Firstly, although all the studies collected data before and after the transition from primary to secondary school, only a limited number of studies used a longitudinal design that went beyond the initial period of starting secondary school. Therefore, whilst we understand the short-term transition experience we know less about the long-term impact and if these effects are sustained.

Recommendation 1: A longitudinal design should be used, ideally commencing when the pupils are in P6 and following them until the end of S2 with multiple data collection points over each year (e.g., twice per year towards the start and end of each school year, balanced with not leading to research fatigue for participants).

Most studies reported negative findings with few exploring the positive impact and experiences of transition. This provides an unbalanced picture of the transition to secondary school. It is important that future studies focus on what pupils are looking forward to, in addition to what is worrying them during the transition to secondary school. Further, none of the studies captured all four aspects that were found to play an important role in the experience of transitioning to secondary school, i.e., relationships with peers, parents and teachers; academic matters; engagement and motivation; and the physical environment. Therefore, currently it is difficult to understand how these aspects might interact with each other.

Recommendation 2: Research questions and data collection instruments should focus on both positive and negative aspects of transitions, with specific questions about relationships between the pupils and all significant others, academic matters, engagement and motivation, and the physical environment.

The literature review showed that there are multiple systems (i.e. collections of people and places) involved in supporting or hindering the transition to secondary school. This means that the transition to secondary school is not a straightforward area to research. Crucially, none of the studies collected data from all stakeholders within the child's ecological system. In addition, in the studies we reviewed, community was not mentioned as a protective or risk factor. Therefore, future research should aim to capture data from all people and places that influence children's development, including information about the role of the community. Robust research designs that collect data from all systems over time are required to fully understand how these systems influence the child's transition as well as how these systems interact with each other to support/hinder a successful transition.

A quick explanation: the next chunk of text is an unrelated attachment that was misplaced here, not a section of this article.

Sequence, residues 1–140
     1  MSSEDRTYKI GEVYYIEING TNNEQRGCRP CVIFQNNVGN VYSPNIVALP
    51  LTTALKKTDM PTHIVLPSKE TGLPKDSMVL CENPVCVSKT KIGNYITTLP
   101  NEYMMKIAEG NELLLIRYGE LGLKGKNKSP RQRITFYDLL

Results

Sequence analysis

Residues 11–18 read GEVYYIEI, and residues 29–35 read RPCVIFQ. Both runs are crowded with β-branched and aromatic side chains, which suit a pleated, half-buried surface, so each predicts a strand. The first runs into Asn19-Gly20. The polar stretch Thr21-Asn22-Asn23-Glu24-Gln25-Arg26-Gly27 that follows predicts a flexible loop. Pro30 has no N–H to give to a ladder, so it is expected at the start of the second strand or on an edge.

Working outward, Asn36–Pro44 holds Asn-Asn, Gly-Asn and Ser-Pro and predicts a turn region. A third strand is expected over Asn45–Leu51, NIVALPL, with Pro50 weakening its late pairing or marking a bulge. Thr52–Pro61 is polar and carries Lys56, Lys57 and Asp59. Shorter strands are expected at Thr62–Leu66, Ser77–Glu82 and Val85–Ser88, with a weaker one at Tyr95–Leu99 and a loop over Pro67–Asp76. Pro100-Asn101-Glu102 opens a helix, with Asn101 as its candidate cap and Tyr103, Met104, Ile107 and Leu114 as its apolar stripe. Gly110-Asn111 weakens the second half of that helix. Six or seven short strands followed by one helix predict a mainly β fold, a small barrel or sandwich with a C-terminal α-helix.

Recommendation 3: Data should be collected from pupils, parents and siblings, significant others in the pupils' and schools' community and professionals.

Further, none of the studies captured data about significant others' transitions which again limits our understading of the interaction of transitions and impact it might have on an individual's transitions. It is important to bear in mind that pupils will be experiencing multiple transitions during the transition to secondary school and will trigger transitions for others such as parents, siblings and professionals (see Multiple and Multi-dimensional Transitions Theory, Jindal-Snape 2016).

Recommendation 4: The research questions in the study should focus on transitions of pupils as well as the transitions they might have triggered for others, and vice versa.

Finally, this literature review identified a number of gaps in the research evidence, including:

  • Only a limited number of studies focussed on the differential impact of transition to secondary school on pupils with ASN
  • Similarly, a limited number of studies focussed on how the characteristics of educational systems impact on the transition to secondary school
  • No study has comprehensively included data relating to pupil characteristics (e.g. ASN or typically developing); education system features; and geographical location (e.g. rural vs urban)
  • Only a limited number of studies have collected data from more than one stakeholder group, such as pupils and teachers

Recommendation 5: These gaps require further exploration in future research. In order to disentangle the impact of different factors on the transition to secondary school, research should explore the transition experience across a range of pupils and various education systems. Therefore, the demographics should include rural/urban schools, with (i) through-schools/not through-schools, (ii) different sizes of primary/secondary schools, (iii) moving from one primary to one secondary/several primary to one secondary school (iv) different socio-economic areas, and (v) sample of typically developing children/those with ASN and significant others, such as siblings, parents, teachers.